Horseshoe crab harvesting ban rejected

February 11, 2008 6:29:23 PM PST
New Jersey regulators have rejected a ban on horseshoe crab harvesting intended to protect migratory birds that feed on the crabs' eggs.

The 5-4 vote Monday by the New Jersey Marine Fisheries Council dealt a blow to environmentalists and state environmental officials who warn the birds, called red knots, could soon go extinct.

The moratorium, proposed by the state Department of Environmental Protection, would have banned horseshoe crab harvests indefinitely until the red knot population recovered.

"I'm extremely disappointed," said DEP Commissioner Lisa Jackson. "I was anticipating that the council would look at the facts of the matter, listen to the clear nature of the public testimony."

"We're all concerned about it," said Joe Rizzo, a member of the council who voted against the moratorium. But he said other factors besides the availability of horseshoe crab eggs could be affecting the birds' survival. "There's just so many other variables," he said.

David Chanda, director of the DEP's Division of Fish and Wildlife, disagreed. He said studies have shown that the birds' survival is directly linked to the number of crab eggs on the beach.

"I'm very, very disappointed in the outcome. Our responsibility for all wildlife is very clear," Chanda said.

Environmentalists and state environment officials argued during the meeting that the red knots' numbers are plummeting and that the ban is the only way to save them.

The red knots, which are listed as threatened in New Jersey, fly from the southern tip of South America to the Delaware Bay, where they feast on the crabs' eggs before flying on to the Arctic where they breed. Without enough eggs, the birds don't gain the weight needed to complete the journey or breed once they get there.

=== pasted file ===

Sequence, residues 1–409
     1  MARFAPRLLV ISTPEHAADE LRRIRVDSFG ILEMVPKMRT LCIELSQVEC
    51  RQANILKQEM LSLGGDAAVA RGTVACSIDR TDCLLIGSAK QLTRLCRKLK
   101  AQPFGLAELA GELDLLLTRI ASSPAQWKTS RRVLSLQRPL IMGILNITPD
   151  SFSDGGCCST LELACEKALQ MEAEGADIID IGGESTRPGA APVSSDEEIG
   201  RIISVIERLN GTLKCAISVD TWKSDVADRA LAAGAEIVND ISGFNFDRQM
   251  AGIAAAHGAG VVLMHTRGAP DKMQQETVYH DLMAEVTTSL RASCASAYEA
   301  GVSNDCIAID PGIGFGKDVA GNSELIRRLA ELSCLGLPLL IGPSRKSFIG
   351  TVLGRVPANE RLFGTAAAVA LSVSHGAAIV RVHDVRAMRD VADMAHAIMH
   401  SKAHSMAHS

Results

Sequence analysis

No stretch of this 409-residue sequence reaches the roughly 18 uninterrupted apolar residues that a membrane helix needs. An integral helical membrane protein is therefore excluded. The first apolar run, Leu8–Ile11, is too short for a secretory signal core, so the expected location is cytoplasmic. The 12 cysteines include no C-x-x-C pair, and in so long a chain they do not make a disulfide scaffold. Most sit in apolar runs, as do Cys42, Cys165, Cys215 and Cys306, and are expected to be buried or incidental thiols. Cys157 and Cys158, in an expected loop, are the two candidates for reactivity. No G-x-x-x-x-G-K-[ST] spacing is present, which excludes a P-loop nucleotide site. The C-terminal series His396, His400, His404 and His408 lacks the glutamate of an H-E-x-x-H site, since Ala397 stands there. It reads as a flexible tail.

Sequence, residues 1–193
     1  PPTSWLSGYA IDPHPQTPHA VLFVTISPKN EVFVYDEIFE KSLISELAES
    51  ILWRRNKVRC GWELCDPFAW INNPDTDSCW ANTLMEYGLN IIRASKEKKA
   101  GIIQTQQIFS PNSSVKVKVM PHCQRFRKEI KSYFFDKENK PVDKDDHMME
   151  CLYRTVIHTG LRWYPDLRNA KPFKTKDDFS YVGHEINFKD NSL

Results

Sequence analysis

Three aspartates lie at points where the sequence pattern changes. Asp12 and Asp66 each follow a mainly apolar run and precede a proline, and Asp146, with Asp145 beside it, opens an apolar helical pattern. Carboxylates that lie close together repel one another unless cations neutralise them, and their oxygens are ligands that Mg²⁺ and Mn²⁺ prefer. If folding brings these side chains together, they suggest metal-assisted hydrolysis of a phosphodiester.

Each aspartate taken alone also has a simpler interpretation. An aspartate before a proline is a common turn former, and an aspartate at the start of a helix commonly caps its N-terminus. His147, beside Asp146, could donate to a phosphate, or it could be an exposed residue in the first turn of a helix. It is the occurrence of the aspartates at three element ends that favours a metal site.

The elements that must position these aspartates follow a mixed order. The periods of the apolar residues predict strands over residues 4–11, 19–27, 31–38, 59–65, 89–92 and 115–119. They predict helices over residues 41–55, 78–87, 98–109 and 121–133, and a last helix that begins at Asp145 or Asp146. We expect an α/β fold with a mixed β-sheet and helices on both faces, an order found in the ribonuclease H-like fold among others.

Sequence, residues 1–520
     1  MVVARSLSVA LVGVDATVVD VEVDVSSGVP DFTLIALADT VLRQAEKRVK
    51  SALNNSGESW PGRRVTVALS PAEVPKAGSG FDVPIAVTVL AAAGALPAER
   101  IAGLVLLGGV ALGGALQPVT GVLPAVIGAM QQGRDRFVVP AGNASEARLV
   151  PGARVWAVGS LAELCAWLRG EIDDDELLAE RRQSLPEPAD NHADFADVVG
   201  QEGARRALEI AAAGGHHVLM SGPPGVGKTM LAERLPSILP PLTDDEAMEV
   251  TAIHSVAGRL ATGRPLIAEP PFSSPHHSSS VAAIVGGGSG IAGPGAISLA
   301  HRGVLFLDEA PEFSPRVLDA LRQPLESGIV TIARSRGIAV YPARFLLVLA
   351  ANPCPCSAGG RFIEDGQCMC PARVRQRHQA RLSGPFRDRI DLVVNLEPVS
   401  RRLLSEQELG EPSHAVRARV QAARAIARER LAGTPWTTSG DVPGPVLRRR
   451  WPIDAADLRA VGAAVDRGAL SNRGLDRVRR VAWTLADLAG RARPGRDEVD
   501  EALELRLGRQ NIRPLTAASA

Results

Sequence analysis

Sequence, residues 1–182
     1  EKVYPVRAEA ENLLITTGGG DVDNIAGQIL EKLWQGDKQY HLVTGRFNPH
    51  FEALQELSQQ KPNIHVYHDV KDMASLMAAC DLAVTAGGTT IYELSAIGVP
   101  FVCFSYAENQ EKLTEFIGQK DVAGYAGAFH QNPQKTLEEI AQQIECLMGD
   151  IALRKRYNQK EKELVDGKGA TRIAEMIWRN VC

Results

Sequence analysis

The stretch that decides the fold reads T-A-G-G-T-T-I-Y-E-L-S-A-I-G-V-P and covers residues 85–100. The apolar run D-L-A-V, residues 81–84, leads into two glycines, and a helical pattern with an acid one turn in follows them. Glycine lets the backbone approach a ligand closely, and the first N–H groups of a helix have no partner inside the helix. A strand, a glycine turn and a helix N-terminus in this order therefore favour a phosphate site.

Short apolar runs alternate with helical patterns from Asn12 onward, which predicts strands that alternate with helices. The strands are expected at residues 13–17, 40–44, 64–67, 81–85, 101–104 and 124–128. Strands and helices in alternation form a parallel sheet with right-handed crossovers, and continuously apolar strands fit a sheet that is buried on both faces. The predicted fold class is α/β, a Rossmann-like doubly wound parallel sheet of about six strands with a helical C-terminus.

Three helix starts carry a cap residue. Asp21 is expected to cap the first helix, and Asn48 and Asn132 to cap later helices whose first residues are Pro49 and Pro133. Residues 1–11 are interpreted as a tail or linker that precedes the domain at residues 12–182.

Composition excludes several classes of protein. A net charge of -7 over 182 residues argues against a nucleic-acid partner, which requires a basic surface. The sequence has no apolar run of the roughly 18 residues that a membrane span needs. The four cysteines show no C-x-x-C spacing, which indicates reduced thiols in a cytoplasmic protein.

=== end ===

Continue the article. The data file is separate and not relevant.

According to Amanda Dey, a DEP biologist, the red knots need about 50,000 horseshoe crab eggs per square meter but she said during the migrating season there are only about 2,000 eggs per square meter. Dey said between 1982 and 2007 the number of red knots migrating through the Delaware Bay declined by about 75 percent.

But the fishermen who have plied the Delaware Bay for years say other factors could be affecting the birds - such as habitat destruction or global warming - and that a limited harvest or a harvest in which only male crabs are collected would not hurt the birds.

Walter Chew, who has harvested crabs and other fish for years, also questioned why state officials were pushing so heavily for the ban when other states were not.

"Why is the department saying we're going to save the world all by ourselves?" Chew said.

Delaware officials tried to implement a two-year moratorium for the 2007 and 2008 seasons, but it was struck down by a court, which said the crustaceans' population was healthy enough to allow a limited harvest. This year, Delaware plans a male-only harvest of 100,000 crabs.

In New Jersey, 39 fishermen currently have licenses to harvest the horseshoe crabs, and some environmentalists questioned whether it was appropriate to risk the future of the red knots for the livelihood of the fishermen. They also see potential for much greater economic gain from tourists who want to see the birds and other wildlife.

Rizzo said the number of fishermen used to be much higher. As state regulators reduced the number of crabs that could be harvested, the number of fishermen dwindled as well, he said.

The fisheries council two years ago approved a two-year moratorium that expired in December. The DEP then proposed the indefinite ban.

Even after the council's decision Monday, it was unclear whether a horseshoe crab harvest would take place. Environmental groups vowed to pursue the matter further, possibly pushing legislators to approve a ban or going through the courts.

Jackson, the DEP commissioner, said her agency would consider its options, including the possibility of asking the state Legislature to support a moratorium.

"There is no doubt what needs to happen here," said Maya Von Rossum of Delaware Riverkeeper, who said her organization and others would pursue other avenues to protect the birds.

And even Chew questioned whether fishermen would really be able to harvest crabs this spring.

"It's a chess game, and I don't know how to win," Chew said.


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